Prince Charles’ last words to Prince Philip on the eve of his death

The Prince of Wales has revealed how he talked to his father about planning his 100th birthday the day before he died – and got a vintage response from Prince Philip.

In a poignant interview, Charles says he called the Duke of Edinburgh in Windsor on April 8, broaching the delicate subject of a celebration to mark his centenary in June.

“We’re talking about your birthday,” Charles said, shaking a little, knowing Philip didn’t like the idea.

Aware that his father was also a little hard of hearing, he repeated himself a little louder: ‘We’re talking about your birthday! And whether there will be shelter!’

Prince Charles has revealed how he called his father in Windsor the day before he died about planning his 100th birthday. Pictured: Prince Charles and Prince Philip on a visit to Poundbury in 2016

The Prince of Wales says he called the Duke of Edinburgh in Windsor on April 8 and raised the delicate subject of a celebration.  Pictured: The Duke of Edinburgh and Prince Charles in 1969

The Prince of Wales says he called the Duke of Edinburgh in Windsor on April 8 and raised the delicate subject of a celebration. Pictured: The Duke of Edinburgh and Prince Charles in 1969

The response was typically snappy. “Well, I have to be alive for it, don’t I?” Philip challenged.

“I knew you’d say that!” Charles shot back into what may have been their last conversation together.

The charming exchange is remembered by the future king on a new BBC One program airing Wednesday night, Prince Philip: The Royal Family Remembers.

It’s a remarkable tribute to all of Philip’s children and grown grandchildren who recall some of their fondest – and funniest – memories of the indomitable Duke, who died on April 9 at the age of 99.

Robert Hardman of The Mail wrote and co-produced the program, interviewing Prince Charles and other family members.

He gave Mail’s Weekend magazine an exclusive insight today – and it’s clear it’s one of the most personal and intimate pieces of royal television ever produced.

Prince William shares a hilarious anecdote about his adored grandfather, who invented the famous Duke of Edinburgh’s Award scheme.

On a trip to a secluded spot on the Queen’s estate, they encountered a group of young hikers who embarked on an expedition for their prize.

William recalls, “He stopped, opened his window and said, ‘Good morning. How are you?’ Whereupon the shortest young fellow in the back turned and effectively said, “Jog Grandpa!”

In fact, William admits, the response was ruder than that. But his grandfather imperturbably opened the window again, turned to his grandson and said, “The youth of today!” He found the whole exchange hilarious.

Prince Harry, who took part in his first ‘family project’ since quitting as a working royal, says his grandfather was always ‘unabashedly him’.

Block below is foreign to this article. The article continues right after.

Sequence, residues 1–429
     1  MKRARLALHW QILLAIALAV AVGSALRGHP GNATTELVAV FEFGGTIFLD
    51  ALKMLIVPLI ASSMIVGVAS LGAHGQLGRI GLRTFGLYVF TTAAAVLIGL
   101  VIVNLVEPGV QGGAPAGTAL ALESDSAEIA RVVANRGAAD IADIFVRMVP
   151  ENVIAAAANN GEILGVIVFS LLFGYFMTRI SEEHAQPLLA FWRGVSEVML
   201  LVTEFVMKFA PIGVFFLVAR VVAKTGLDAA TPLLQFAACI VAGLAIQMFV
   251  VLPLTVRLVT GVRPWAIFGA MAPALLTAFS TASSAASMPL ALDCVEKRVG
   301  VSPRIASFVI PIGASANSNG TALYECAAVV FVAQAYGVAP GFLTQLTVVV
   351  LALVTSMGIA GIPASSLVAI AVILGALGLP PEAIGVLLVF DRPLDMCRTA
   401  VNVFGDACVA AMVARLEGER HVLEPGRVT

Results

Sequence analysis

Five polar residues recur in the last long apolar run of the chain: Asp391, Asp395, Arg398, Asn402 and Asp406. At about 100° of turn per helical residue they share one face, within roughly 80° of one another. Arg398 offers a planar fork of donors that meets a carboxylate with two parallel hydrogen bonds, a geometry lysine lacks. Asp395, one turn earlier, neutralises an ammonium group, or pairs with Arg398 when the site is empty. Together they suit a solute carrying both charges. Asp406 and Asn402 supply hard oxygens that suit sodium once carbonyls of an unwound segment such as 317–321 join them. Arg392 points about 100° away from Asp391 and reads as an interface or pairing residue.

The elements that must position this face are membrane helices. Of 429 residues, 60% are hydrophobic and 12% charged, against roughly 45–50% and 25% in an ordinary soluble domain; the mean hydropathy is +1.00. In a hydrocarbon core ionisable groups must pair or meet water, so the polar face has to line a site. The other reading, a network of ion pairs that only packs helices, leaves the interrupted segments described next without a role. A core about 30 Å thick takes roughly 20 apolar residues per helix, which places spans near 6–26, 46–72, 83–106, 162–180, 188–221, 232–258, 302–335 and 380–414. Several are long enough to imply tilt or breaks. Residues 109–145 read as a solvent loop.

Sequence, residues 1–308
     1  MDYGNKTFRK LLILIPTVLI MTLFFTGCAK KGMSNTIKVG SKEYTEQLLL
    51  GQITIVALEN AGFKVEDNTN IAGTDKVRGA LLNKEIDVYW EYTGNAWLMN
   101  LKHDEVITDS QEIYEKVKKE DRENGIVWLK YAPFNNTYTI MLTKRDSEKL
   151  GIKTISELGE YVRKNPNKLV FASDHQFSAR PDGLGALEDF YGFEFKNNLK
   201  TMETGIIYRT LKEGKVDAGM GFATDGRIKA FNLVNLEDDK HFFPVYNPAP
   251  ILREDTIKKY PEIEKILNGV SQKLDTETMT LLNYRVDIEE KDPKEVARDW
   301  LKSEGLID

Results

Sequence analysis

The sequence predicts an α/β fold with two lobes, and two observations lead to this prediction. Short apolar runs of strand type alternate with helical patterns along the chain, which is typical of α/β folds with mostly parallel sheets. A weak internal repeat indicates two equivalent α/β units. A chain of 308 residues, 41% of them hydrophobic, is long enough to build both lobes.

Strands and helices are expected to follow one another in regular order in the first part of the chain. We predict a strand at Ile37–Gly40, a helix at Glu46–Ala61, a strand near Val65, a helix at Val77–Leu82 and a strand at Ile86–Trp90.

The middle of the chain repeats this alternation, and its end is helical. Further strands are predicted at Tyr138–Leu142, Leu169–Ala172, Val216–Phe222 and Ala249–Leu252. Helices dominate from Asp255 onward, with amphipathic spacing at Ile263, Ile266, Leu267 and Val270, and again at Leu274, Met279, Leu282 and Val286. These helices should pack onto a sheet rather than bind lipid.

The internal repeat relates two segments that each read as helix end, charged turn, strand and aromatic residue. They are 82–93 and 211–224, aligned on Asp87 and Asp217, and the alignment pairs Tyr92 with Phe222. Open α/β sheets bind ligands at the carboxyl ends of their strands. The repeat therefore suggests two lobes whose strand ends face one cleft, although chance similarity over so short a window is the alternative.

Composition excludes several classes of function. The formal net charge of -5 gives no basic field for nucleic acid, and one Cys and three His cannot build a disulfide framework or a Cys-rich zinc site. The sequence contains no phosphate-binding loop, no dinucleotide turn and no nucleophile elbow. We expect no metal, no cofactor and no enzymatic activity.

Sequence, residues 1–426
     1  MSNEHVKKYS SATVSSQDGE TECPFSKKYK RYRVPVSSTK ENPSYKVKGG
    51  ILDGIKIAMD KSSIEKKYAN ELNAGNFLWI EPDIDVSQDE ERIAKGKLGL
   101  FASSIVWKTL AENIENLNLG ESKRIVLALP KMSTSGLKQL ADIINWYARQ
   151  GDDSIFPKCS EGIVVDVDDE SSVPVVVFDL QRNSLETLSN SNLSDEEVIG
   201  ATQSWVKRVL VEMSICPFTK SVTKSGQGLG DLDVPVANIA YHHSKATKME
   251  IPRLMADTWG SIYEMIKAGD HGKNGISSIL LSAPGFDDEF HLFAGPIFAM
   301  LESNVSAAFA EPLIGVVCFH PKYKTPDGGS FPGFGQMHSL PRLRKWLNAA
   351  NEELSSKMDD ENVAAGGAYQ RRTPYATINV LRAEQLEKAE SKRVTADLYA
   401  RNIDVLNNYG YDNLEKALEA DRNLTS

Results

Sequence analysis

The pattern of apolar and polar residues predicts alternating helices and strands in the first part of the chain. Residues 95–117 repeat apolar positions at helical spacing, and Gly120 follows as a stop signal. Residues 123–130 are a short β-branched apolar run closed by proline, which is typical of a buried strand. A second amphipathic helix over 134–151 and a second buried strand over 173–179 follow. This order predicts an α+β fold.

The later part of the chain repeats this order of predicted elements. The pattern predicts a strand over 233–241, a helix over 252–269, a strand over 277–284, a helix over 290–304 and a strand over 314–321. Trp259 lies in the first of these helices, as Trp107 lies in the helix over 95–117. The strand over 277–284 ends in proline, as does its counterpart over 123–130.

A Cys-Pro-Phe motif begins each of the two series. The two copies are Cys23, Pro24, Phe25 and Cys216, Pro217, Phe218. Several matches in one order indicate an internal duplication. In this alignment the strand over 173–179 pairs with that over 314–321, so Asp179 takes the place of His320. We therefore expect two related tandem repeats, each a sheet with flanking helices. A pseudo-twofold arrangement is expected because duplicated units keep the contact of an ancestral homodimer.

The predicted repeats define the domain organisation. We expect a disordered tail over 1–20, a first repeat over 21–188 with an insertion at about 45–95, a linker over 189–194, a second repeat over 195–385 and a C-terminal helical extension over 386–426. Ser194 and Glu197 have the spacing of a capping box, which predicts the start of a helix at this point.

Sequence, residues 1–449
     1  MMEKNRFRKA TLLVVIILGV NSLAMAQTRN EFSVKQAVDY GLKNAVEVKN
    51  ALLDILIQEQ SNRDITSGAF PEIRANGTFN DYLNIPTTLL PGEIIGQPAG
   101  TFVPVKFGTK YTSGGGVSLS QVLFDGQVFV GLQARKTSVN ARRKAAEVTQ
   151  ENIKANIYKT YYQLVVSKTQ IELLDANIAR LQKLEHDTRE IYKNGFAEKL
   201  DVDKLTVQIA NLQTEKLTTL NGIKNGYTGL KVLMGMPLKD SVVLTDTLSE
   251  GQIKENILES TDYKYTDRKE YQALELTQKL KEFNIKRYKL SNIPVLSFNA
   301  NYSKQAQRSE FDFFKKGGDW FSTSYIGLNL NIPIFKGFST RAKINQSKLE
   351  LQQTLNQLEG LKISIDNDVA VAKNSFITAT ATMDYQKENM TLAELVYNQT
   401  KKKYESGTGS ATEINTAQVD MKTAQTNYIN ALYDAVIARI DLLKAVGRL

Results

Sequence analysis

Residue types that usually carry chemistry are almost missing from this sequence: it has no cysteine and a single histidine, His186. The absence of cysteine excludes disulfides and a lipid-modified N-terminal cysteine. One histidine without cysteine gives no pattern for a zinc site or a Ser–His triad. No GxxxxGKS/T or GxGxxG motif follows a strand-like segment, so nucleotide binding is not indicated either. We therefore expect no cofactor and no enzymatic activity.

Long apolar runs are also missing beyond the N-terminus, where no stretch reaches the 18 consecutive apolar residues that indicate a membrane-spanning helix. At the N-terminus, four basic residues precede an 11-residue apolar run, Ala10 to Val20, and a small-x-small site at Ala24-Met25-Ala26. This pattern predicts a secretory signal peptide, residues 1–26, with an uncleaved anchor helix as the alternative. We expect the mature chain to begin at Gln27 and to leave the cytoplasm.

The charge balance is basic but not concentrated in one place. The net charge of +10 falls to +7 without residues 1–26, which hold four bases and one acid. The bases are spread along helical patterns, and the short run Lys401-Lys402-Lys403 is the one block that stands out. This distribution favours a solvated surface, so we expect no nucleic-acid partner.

From California, he also praised the way he supported the Queen.

The Duke of Edinburgh and Prince William at Prince Harry's Sandhurst Graduation in 2006

The Duke of Edinburgh and Prince William at Prince Harry’s Sandhurst Graduation in 2006

The Queen, Prince Charles, the Duchess of Cambridge, the Duchess of Cornwall, Prince William and the Duke and Duchess of Sussex at a reception at Buckingham Palace in 2019

The Queen, Prince Charles, the Duchess of Cambridge, the Duchess of Cornwall, Prince William and the Duke and Duchess of Sussex at a reception at Buckingham Palace in 2019

The monarch is joined by Prince Charles, the Duchess of Cornwall and the Duke and Duchess of Cambridge for this year's reception for G7 leaders in Cornwall

The monarch is joined by Prince Charles, the Duchess of Cornwall and the Duke and Duchess of Cambridge for this year’s reception for G7 leaders in Cornwall

“From my grandmother’s perspective, having 73 years of marriage on your shoulder doesn’t get any better than that,” Harry says.

And Philip’s granddaughter, Princess Eugenie, reveals that, contrary to the assumption that he never met his great-grandson, August Philip, the two were in fact a bond before he died.

‘I brought little August with me to meet him,’ she says emotionally at the memory. “I told him we named him after him. It was such a beautiful moment. We’ve been very lucky to do that.’

Princess Anne, his only daughter, says her father always made it a point to read his children a bedtime story.

Even at the age of 99, the Duke’s death, which would have been very peaceful, clearly came as a shock to his family.

“He got older and he hated it,” says his granddaughter Zara Tindall. ‘He was the worst patient in the world! But you never really prepare for losing him, because he was always there.’

His daughter-in-law the Duchess of Cornwall says: ‘It felt like the end of an era. It is a very difficult generation to live up to, but I am very proud and very happy to have known him.”

A wistful Charles adds, “We’ve been lucky enough to have had him for nearly 100 years.”

Prince Philip: The Royal Family Remembers, Wednesday, 9pm, BBC1

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